Call it a tale of two bank deals. The stories come with significantly different price tags: $185 million and $13 billion.
Yet, some common threads unite the respective bids by LendingClub for Radius Bank and by Morgan Stanley for E-Trade, with a nod toward the changing financial services landscape and serving customers through “one-stop shop” platform models.
The LendingClub Deal
For LendingClub, an online lender, the bid to buy Radius Bank means that (assuming the regulatory hurdles are satisfied), within 12 to 15 months, the company will move into a branchless banking model that offers services and products beyond credit. The move also means that, as LendingClub had applied for bank charters in the past (with the Office of the Comptroller of the Currency), it decided to buy its way into deposits and checking.
— PYMNTS (@pymnts) February 21, 2020
More immediately, the deal would give LendingClub a cheaper funding source for its loan business — last year, the company originated more than $12.3 billion worth of loans. LendingClub has estimated that it will save about $25 million a year on fees paid to WebBank, which acts as a “pass-through” entity that enables LendingClub to make those loans. The low-hanging fruit is for LendingClub to hold 10 percent of originations on its balance sheet, which, in turn, should bring in $40 million of economic profit for every $1 billion of loans held on the balance sheet, the company said.
The key here is that buying Radius Bank brings together two disparate companies with a presence in different markets. Radius Bank is not in the lending market, but has $1.4 billion in assets in its own operational book. LendingClub does not (yet) bring its consumers checking and savings account options, but it has near-term plans to offer bank accounts that will help consumers save money.
Here is where the “marketplace” and platform model comes in. If LendingClub had been intent on “building” a horizontally extended suite of offerings across financial services, it could have continued to pursue its charter. However, by buying Radius Bank, its platform gets extended automatically, in a way, with another platform, one that offers check deposit, bill pay and personal financial management tools.
It’s important to note, too, that the company has open application programming interfaces (APIs) that offer “Banking-as-a-Service” functionality — which, in essence, allows for new services and products to come online as digital banking continues to evolve through integration with Radius Bank’s own pacts with companies, such as Brex and NerdWallet.
The Morgan Stanley Deal
Last week, Morgan Stanley said it would buy online broker E-Trade in a stock deal worth $13 billion. The move takes Morgan Stanley down market a bit, deeply into online stock trading. The announcement focuses on businesses with overlap: investment management, which includes equity trading.
Yet, as reported by Forbes, folding in E-Trade means that Morgan Stanley will look to cross-sell its services and products, such as workplace planning accounts.
The report cited a memo by wealth management executive Andy Saperstein, stating that there will be reach across “all client segments, across all advice and service preferences, at scale. … Our strategy is predicated on the fact that investors will always look to a highly trained, trusted advisor for advice as their financial [lives become] more complicated, and their needs become more sophisticated.”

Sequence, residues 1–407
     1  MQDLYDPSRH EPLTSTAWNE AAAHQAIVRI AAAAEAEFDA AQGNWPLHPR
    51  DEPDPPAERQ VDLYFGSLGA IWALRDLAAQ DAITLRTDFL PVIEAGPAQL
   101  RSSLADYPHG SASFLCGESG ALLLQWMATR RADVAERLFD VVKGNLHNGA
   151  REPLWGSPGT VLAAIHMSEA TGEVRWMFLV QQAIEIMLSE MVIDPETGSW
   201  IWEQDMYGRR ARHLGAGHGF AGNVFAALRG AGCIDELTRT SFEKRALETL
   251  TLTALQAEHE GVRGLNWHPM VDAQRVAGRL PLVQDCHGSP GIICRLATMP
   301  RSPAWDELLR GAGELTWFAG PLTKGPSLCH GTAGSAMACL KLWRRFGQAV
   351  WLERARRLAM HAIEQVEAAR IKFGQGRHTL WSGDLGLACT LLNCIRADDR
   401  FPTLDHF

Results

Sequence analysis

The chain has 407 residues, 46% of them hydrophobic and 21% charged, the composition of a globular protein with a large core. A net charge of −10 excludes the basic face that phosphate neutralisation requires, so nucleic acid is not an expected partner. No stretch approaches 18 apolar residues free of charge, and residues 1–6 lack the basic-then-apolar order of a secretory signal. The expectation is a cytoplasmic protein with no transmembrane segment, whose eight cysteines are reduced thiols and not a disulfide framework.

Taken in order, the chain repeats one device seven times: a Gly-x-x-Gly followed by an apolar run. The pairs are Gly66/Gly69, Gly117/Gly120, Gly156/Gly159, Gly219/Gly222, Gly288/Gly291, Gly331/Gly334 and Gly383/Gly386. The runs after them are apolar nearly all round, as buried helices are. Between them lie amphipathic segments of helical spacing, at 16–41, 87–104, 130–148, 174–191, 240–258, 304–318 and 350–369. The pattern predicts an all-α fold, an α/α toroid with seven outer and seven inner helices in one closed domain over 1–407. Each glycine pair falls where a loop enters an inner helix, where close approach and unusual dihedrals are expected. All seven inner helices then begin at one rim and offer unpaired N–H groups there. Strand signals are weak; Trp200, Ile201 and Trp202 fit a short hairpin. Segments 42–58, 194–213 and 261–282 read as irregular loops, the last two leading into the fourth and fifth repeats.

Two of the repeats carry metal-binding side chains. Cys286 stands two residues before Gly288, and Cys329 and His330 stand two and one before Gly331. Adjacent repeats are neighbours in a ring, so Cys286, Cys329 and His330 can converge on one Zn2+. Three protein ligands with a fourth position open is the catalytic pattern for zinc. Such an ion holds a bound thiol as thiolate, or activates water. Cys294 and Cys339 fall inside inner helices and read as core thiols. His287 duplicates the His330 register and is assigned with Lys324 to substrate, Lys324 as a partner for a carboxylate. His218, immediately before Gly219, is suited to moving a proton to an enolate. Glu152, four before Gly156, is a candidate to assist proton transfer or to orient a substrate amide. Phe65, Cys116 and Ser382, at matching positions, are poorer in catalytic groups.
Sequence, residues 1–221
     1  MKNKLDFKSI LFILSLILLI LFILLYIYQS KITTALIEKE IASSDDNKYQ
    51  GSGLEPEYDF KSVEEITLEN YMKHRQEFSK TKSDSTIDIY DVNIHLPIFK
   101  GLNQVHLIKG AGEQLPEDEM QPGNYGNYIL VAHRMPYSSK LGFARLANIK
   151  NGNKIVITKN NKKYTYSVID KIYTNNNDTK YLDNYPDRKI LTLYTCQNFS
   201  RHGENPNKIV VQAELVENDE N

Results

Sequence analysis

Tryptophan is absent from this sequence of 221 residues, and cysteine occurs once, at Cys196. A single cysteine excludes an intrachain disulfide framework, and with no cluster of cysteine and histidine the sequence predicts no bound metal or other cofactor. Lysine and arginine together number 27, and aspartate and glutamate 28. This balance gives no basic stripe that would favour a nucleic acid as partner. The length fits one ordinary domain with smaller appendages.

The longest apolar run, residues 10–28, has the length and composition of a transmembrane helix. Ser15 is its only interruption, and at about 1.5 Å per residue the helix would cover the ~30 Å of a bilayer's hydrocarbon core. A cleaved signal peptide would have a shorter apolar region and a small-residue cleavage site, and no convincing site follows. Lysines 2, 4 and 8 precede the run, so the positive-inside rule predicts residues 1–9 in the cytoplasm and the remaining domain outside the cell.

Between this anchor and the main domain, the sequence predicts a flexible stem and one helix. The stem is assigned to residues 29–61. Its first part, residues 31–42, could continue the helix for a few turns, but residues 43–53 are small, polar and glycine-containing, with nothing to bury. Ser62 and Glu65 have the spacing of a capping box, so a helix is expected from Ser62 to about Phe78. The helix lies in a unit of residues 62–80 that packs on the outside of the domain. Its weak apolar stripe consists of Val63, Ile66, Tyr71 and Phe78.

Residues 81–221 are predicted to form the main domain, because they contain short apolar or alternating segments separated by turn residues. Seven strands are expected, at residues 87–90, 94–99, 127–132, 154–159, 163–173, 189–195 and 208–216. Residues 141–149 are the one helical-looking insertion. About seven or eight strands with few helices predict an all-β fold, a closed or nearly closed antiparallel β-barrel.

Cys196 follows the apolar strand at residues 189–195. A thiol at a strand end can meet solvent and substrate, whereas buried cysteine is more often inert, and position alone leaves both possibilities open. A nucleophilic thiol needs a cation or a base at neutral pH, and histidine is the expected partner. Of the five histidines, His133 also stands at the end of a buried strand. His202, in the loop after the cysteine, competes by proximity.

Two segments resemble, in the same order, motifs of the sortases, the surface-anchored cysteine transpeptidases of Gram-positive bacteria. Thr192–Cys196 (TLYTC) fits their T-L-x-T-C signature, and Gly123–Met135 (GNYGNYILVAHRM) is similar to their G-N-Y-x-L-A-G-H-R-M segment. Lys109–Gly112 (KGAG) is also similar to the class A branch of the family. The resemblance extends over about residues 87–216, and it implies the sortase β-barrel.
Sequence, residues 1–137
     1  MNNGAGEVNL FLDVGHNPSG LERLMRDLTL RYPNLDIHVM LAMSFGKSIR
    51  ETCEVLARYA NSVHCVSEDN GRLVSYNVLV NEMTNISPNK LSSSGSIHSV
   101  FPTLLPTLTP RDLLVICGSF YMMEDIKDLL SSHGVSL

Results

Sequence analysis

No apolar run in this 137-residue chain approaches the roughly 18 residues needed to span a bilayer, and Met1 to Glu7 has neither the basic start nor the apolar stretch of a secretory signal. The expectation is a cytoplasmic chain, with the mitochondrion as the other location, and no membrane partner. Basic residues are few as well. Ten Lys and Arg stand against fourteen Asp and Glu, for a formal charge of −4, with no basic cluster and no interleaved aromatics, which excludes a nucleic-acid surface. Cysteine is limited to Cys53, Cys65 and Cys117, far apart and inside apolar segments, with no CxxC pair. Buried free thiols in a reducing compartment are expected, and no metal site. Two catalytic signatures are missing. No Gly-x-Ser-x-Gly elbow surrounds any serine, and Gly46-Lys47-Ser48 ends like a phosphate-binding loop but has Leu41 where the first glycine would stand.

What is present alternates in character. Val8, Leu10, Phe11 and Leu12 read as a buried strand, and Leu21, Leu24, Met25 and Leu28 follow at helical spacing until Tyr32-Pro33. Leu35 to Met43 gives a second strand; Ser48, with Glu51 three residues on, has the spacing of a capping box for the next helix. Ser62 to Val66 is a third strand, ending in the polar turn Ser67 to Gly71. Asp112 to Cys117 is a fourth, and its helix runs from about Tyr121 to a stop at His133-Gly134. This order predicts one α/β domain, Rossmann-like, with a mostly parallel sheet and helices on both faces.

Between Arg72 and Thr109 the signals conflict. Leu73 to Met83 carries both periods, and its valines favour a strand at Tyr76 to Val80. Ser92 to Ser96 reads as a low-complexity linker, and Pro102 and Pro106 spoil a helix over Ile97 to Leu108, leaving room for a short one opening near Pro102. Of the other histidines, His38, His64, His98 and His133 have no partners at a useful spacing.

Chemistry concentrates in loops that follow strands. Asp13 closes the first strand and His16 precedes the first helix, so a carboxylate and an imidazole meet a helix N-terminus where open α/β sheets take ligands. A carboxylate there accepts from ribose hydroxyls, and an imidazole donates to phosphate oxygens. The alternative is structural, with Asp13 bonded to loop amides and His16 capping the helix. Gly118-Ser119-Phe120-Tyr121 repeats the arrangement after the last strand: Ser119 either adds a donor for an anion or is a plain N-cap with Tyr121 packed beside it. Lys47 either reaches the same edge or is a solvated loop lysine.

Here, it’s a hybrid approach that eyes the 5.2 million E-Trade customers, across digital and human-touch activities.
Perhaps Morgan Stanley is taking a cue from another big bank with a roadmap that is increasingly digital, and wants to tap younger, tech-savvy clients that will become wealthier as time goes on. That would be Goldman Sachs, of course.
As has been widely reported, the Wall Street powerhouse has been stepping up efforts to move downstream. According to PYMNTS reports late last month, the company said at its Investor Day that a digital wealth management offering will come later in the year, and digital checking accounts will debut next year. Goldman Sachs also seeks to double consumer deposits from a current $60 billion to $125 billion within five years. Card and loan balances should rise over that timeframe from $7 billion to $20 billion — a figure that, of course, includes the Apple Card.
Goldman Sachs has been explicit that the platform model will help externalize Banking-as-a-Service endeavors.
There’s a template and roadmap for LendingClub and Goldman Sachs from another platform juggernaut: Uber. The ride-hailing giant has been busy adding new features to that core competency — and critical mass that brings people used to the app and services from simply hailing transport to, say, trying Uber Eats. Banking does not have the same logistics challenges that freight and food delivery might, but it does have its own challenges.
For financial services companies, those challenges come with offering the correct products to customers at the right time, as well as a continuum of services that anticipate the needs of individuals and families in a way that ensures stickiness and loyalty, while also ensuring stickiness for the “provider” side of the equation.
For Uber, that means keeping freelancers and drivers happy. For companies such as Goldman Sachs and Radius Bank, that means bringing what might have otherwise been competitors into the fold, which has been a central tenet of APIs and FinTech/FI partnerships.
The “build versus buy” debate in building out platform models seems to have been settled, at least within digital banking, in favor of “buy.” As 2020 has not even finished its first quarter, though, it can be noted that the buying certainly isn’t over yet.